04/08/2016 07:20 BST | Updated 04/08/2017 06:12 BST

How to Make University Pay, Wherever and Whatever You Study

This week the government scrapped grants for the poorest students, leaving all students financing their education through debt. There's been general outcry, with commentators claiming that this will put the poorest students off going to university. At the same time, the Intergenerational Foundation released a report that seriously challenges the £100,000 lifetime graduate earning premium.

So, what should parents and students on the cusp of a university education make of all this?

In my view, education is the only investment that can never be taken away from you. Whatever else you invest your money in, the value of it can go up and down or it can be taken from you. For example, if you save the money you would have spent on your education and use it to put down a deposit on a house the value of that house can go up or down, you could have the house repossessed or you could lose the house to flood or disaster.

On the other hand, an educations stays with you for life. Whatever hand life deals with you you'll carry the knowledge and skills you learned at university in your brain forever.

However, it's imperative that if you're going to invest your time and money in a university education that you make the absolute most of it. How do you do this?

1. Work hard at your studies

Long gone are the days when students could afford to while away their days in the student bar. When you go to university you should be aiming to work hard. When I went to Cambridge I decided that I'd treat my studies like a job. I worked from 9am to 6pm, taking a lunch break and a tea break. I then made the most of the rest of university life in the evenings. I also studied at weekends. It wasn't until my final term that I started to study in the evenings. This approach enabled me to get the most out of my studies - reading in the library, attending lectures and supervisions and writing essays.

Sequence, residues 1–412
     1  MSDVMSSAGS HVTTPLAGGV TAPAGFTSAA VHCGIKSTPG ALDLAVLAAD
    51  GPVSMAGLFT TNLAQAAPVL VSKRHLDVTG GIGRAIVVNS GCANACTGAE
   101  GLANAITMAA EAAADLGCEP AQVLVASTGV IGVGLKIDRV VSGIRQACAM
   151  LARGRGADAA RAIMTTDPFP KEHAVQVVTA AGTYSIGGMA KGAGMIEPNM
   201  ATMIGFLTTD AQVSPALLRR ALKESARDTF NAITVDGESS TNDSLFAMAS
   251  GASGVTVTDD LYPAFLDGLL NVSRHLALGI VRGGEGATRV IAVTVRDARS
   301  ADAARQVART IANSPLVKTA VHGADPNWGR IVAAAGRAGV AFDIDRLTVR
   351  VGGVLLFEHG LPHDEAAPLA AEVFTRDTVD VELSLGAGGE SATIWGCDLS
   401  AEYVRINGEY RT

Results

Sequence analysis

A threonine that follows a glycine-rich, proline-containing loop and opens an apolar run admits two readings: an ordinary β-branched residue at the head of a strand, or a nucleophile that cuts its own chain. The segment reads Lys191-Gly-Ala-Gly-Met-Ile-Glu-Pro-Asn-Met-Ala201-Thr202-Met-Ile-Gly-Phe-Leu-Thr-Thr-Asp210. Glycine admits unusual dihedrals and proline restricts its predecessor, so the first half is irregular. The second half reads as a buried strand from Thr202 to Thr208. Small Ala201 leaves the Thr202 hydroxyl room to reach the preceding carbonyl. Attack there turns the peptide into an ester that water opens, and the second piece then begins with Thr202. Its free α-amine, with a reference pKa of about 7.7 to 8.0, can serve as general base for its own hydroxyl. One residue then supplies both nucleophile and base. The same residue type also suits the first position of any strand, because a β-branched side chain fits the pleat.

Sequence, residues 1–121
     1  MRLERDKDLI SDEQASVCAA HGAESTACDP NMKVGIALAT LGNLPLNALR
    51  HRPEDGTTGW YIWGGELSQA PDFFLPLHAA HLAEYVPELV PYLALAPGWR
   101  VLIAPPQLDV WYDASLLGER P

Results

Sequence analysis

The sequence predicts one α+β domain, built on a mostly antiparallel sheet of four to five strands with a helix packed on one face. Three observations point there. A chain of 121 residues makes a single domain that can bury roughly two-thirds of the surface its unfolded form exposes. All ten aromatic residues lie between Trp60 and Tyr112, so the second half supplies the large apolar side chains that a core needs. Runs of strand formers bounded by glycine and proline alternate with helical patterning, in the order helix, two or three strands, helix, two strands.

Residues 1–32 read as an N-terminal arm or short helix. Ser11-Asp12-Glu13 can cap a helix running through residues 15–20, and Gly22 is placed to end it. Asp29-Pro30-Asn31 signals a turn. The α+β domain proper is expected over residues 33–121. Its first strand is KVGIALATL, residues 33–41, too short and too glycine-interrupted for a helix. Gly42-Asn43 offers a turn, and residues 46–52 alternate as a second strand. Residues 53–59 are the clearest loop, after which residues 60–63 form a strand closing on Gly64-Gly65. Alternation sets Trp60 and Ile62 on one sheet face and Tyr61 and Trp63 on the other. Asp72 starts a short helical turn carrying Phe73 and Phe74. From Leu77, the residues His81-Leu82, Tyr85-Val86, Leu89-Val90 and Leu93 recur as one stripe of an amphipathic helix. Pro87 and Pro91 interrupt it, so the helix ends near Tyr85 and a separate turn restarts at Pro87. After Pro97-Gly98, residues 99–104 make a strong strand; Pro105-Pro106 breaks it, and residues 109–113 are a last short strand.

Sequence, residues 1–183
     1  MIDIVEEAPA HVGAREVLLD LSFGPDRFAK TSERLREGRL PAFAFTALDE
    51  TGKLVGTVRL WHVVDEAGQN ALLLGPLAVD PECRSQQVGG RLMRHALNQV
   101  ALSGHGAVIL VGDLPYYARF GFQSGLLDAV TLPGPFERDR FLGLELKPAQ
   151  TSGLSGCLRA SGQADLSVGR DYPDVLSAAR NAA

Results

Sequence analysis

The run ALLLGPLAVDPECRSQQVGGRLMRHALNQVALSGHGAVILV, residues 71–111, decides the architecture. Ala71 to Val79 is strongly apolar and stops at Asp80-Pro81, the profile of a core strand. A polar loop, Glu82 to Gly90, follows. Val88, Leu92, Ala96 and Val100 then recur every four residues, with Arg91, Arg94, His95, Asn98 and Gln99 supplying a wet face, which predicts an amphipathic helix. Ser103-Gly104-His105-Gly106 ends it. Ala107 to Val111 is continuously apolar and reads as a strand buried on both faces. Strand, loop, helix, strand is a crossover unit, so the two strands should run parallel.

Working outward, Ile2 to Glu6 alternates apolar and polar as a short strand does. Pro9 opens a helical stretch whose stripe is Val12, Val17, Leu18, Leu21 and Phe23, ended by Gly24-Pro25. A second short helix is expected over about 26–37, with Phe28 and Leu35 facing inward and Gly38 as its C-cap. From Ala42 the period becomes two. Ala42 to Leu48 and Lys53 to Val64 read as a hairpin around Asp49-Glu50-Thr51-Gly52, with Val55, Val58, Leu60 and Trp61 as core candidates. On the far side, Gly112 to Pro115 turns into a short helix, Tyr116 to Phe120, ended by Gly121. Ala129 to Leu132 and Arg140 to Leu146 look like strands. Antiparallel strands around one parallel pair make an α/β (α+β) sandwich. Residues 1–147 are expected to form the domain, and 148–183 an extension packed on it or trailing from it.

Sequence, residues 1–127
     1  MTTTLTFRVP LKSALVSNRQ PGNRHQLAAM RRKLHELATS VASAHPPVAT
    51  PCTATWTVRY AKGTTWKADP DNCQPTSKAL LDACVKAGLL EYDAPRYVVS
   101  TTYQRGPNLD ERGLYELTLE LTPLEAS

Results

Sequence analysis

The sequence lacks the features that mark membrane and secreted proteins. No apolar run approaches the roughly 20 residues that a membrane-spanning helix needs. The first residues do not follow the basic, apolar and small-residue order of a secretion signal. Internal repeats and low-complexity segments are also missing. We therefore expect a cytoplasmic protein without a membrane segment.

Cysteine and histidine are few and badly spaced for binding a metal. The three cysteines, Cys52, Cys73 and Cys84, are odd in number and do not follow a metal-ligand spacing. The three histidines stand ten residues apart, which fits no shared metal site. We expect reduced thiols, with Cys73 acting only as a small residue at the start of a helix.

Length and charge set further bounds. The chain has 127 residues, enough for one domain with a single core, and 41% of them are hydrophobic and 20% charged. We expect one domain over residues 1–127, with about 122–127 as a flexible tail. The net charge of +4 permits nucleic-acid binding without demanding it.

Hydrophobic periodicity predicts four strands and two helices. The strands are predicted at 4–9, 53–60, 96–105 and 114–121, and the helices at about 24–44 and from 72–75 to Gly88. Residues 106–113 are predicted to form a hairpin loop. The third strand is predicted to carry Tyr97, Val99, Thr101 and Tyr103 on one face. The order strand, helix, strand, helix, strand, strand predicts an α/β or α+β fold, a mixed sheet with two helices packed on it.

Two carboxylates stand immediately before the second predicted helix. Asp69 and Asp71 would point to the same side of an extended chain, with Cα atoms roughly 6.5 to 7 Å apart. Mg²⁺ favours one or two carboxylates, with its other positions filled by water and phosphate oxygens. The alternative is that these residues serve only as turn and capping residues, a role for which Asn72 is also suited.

2. Maximise the extra-curricular opportunities

The people who I see shining brightest from my time at Cambridge all started to develop their experience and connections while they were at university. Chris Mason, the BBC political correspondent, studied geography in the same year as me. I watched him buzz about writing for the university newspaper, being on university radio and networking with future politicians. I also watched two future MPs take on leadership roles in the Cambridge University Conservative Association. These people used the extra-curricular opportunities available at university to their maximum advantage and have seen their efforts pay off.

3. Develop your skill set

Even if you're not sure what you want to do when you graduate you can take part in university societies to develop your skill set. When I was treasurer of the Cambridge Union I taught myself a lot about marketing and pitching to companies trying to sell advertising space in our term-card. I also learned something about book-keeping as treasurer of the Cambridge University Geography Society. I was involved in organising events and learned lots about my strengths and weaknesses. This is all useful stuff that you can write about in job applications and draw on in the work place.

4. Get yourself noticed

I was lucky enough to get head-hunted for my first graduate role. Not everyone is going to have this good-fortune but I put it down to the fact that I put myself forward for prominent positions in the university, such as being treasurer of the Cambridge Union. If you put yourself out there and get yourself noticed it can often lead to other things.

5. Make the most of the holidays

Use the very long holidays you get during your degree to make yourself more employable. You could do anything from paid work in a local shop to internships to pursuing a passion project. The key thing is to use this time well so that you've got something other than essays to tell your future employers about.

The keys to making university pay are to develop your passions, collaborate on projects you care about and stay committed to excellence in everything you do. When you do these things you will form habits that will serve you well as you hunt for jobs and as you seek to progress your career.

Lucy Parsons is an academic coach who empowers young people to get the top grades and into the best universities. Find out more about her work on her website,